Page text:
Martisor - the celebration of spring

Martisor - the celebration of spring

Martisor is a Romanian ancient tradition, it’s been dated for 8000 years, which celebrates the beginning of the spring on 1 March. Is the celebration of joy, freshness, the victory of Good against Bad. The day's name is the diminutive of March (in Romanian Martie), and sounds something like "little March".

In the old times, the Martisor consisted in a cord made from two threads, one red and one white, interweaved like AND chain. The red symbolizes the Love and the white symbolizes the Divinity. Some researchers think that this celebration suggests the returning to life after the Biblical Flod.

In our days , men offer women a talisman object also called Martisor, consisting in a jewel or a small decoration like a flower, an animal,a heart, tied to a red and white cord.

This holiday is associated with the most suggestive flower of the spring –snow drop. However, giving the “ Martisor” tied to a red and white cord is an old custom and was originally designated for both men and women.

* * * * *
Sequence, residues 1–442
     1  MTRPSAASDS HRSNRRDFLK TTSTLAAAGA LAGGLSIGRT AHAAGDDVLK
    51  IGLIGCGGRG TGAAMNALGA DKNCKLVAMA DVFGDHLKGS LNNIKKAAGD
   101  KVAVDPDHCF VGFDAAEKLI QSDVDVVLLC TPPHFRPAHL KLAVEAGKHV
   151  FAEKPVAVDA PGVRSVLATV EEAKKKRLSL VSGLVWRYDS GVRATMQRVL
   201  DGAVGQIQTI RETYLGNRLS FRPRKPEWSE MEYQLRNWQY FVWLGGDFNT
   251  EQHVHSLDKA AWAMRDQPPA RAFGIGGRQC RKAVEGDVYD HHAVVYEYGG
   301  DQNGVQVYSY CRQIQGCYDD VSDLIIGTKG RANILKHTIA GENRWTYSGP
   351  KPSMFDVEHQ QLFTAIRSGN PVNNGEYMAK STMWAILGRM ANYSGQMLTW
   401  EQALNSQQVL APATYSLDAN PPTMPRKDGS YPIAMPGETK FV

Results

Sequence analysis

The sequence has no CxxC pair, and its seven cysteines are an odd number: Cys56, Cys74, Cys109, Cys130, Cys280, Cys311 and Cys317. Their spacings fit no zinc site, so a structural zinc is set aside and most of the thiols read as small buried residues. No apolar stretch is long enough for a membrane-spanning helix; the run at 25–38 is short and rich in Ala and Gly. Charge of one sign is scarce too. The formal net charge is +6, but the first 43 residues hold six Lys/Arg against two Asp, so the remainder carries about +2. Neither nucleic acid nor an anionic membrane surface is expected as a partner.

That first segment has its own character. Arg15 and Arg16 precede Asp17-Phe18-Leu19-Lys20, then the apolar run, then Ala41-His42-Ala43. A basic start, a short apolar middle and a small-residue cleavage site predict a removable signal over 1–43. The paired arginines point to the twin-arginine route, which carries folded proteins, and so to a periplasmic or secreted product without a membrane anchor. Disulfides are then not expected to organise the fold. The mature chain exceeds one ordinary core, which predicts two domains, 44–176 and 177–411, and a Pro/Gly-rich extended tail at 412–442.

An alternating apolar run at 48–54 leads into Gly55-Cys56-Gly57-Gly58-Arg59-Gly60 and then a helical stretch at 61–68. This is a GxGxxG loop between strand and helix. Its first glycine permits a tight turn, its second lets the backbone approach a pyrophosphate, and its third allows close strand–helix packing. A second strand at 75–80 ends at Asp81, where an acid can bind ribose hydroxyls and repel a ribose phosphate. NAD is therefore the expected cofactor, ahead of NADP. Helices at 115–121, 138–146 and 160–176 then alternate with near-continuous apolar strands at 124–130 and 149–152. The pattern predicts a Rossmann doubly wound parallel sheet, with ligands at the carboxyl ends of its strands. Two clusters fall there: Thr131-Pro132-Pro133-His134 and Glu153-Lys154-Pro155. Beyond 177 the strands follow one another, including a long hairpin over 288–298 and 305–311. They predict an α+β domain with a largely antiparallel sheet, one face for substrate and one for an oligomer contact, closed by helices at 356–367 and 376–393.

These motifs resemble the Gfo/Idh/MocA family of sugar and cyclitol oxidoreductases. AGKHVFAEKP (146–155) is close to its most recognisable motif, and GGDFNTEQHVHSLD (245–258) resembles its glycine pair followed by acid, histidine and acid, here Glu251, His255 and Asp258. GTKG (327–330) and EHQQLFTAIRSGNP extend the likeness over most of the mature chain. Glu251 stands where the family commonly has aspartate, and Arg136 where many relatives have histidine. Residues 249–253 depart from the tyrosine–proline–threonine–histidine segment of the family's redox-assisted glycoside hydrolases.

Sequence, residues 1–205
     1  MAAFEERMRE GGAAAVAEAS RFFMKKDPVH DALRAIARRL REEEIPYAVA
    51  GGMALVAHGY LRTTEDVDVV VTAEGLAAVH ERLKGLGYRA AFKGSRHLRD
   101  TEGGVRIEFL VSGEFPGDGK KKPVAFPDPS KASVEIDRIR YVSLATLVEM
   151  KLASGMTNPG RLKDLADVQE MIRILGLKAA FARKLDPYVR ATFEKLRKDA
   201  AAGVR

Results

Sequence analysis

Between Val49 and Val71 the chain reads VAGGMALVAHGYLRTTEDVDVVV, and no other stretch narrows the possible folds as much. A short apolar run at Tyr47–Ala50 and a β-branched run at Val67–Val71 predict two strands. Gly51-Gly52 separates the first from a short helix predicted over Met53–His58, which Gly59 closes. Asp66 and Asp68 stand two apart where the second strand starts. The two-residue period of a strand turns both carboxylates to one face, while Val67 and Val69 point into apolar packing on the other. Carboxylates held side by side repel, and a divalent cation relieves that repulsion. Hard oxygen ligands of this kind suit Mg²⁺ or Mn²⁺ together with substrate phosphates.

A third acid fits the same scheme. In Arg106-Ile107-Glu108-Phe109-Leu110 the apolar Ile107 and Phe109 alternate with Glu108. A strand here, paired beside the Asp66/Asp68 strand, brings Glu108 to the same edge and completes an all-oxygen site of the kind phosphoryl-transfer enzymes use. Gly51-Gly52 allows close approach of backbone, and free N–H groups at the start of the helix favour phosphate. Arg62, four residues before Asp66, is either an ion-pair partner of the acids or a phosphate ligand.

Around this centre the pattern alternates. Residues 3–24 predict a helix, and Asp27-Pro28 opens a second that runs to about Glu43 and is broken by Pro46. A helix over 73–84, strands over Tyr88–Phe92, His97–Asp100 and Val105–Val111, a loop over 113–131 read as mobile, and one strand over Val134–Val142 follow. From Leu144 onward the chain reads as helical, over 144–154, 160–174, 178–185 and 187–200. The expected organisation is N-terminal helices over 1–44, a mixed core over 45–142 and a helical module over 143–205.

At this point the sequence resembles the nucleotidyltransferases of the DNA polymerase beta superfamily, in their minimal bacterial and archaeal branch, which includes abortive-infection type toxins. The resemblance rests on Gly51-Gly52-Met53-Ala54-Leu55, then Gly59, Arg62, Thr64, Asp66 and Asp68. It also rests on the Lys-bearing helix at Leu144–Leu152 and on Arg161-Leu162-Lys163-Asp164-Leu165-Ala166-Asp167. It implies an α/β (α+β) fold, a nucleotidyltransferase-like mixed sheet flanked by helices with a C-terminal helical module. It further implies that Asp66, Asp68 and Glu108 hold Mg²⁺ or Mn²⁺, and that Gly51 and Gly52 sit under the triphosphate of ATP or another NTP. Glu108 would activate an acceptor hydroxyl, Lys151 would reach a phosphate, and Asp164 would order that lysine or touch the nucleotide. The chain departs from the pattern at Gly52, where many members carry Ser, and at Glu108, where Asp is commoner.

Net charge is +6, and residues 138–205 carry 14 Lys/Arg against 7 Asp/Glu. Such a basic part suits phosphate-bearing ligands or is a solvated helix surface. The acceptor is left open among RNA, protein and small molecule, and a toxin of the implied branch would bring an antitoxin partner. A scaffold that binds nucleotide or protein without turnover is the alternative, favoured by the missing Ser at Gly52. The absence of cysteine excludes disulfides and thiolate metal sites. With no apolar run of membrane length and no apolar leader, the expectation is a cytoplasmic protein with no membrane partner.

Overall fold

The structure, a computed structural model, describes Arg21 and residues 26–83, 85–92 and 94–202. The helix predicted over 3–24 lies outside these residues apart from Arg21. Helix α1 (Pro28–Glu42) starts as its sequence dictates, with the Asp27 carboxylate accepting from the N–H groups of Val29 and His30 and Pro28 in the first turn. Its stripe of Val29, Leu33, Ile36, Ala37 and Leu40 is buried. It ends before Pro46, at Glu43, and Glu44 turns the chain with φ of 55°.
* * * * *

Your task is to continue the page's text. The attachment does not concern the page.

It is the superstition that the person who wears the red and white string will be powerful and healthy for the year to come. This celebration marks as well the beginning of the works in agriculture.

The woman wears it pinned to her blouse for two days starting with this day. Sometimes the Martisor, is also given by the women to men, as gifts.
In some parts of Romania such as Moldova or Bucovina the symbol of spring was a gold or silver medal which was worn around the neck. After wearing the coin for twelve days, they bought sweet cheese with the medal, because it was believed that their faces would remain beautiful and white the entire year.

Similar customs can be fund in Balkans area, in Bulgaria were the celebration is called Martenita , Macedonia and Albania.

Romanian Traditions and superstitions

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